PCBs have been in use since 1929, mainly in the electrical industry, but it was not until the 1960s that they were found to be a major environmental contaminant. In the paper “The Ratio of DDE to PCB Concentrations in Great Lakes Herring Gull Eggs and Its Use in Interpreting Contaminants Data” [Journal of Great Lakes Research (1998) 24(1): 12– 31], researchers report on the following study. Thirteen study sites from the five Great Lakes were selected. At each site, 9 to 13 herring gull eggs were collected randomly each year for several years. Following collection, the PCB content was determined. The mean PCB content at each site is reported in the following table for the years 1982 and 1996.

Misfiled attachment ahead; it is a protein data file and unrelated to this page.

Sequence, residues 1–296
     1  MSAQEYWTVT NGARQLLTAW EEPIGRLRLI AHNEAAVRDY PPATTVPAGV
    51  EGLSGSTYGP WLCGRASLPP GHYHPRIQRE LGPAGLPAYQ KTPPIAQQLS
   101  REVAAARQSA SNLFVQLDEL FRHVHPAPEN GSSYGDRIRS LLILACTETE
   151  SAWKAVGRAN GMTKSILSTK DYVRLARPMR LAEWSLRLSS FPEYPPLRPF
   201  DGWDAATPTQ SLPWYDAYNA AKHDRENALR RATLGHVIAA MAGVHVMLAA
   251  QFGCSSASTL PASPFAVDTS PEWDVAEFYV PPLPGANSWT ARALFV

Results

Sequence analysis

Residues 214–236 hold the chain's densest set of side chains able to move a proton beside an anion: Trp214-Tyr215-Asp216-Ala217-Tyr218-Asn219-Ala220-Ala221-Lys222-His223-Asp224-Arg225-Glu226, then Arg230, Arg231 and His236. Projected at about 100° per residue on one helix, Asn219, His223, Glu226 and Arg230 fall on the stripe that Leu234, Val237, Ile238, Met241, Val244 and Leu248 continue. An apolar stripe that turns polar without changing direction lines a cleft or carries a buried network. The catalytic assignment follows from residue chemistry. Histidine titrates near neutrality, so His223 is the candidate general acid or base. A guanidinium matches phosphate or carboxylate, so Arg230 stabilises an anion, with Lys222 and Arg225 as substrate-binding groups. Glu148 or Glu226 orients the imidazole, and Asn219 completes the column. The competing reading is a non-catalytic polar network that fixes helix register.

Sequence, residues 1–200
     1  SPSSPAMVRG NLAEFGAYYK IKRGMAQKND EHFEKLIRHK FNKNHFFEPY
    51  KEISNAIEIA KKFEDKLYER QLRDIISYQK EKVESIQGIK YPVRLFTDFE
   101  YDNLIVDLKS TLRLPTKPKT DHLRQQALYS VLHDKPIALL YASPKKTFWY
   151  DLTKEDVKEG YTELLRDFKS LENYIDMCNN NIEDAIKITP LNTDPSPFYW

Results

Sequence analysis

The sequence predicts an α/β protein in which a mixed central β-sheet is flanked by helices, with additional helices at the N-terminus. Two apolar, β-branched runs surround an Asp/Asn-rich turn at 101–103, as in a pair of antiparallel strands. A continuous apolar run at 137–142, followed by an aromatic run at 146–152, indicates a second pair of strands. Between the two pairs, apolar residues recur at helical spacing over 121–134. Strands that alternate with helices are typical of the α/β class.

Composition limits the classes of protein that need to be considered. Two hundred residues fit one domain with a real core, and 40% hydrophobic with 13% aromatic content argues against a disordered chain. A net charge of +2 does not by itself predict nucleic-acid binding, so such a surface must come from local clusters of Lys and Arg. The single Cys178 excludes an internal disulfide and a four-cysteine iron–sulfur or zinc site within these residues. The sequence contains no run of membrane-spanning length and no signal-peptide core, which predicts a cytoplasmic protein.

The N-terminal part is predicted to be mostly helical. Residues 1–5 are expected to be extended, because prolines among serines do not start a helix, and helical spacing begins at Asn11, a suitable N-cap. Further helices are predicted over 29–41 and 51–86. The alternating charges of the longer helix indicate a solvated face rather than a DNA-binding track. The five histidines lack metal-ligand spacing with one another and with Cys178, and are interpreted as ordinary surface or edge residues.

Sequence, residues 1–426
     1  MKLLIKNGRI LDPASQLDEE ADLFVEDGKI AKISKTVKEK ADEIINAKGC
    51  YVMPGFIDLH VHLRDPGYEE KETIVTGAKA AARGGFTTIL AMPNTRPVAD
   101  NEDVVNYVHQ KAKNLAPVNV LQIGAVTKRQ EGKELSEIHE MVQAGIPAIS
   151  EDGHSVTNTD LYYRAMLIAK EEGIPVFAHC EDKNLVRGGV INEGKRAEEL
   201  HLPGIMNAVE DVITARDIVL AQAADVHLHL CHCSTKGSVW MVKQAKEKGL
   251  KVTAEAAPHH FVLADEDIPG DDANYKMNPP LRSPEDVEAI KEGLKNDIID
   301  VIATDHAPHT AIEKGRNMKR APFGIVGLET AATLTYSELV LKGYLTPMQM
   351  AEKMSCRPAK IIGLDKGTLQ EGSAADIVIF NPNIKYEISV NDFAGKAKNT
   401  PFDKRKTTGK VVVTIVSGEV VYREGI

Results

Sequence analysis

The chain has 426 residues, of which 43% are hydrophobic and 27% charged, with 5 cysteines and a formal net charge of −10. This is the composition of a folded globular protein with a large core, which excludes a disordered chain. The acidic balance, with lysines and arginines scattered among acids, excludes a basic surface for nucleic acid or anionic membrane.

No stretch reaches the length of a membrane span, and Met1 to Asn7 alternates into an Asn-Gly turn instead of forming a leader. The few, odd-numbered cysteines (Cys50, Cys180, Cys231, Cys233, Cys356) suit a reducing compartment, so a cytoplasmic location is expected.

a. Legislation was passed in the 1970s restricting the production and use of PCBs. Thus, the active input of PCBs from current local sources has been severely curtailed. Do the data provide evidence that there has been a significant decrease in the mean PCB content of herring gull eggs?
b. Estimate the size of the decrease in mean PCB content from 1982 to 1996, using a 95% confidence interval.
c. Evaluate the conditions necessary to validly test the hypotheses and construct the confidence intervals using the collected data.
d. Does the independence condition appear to be violated?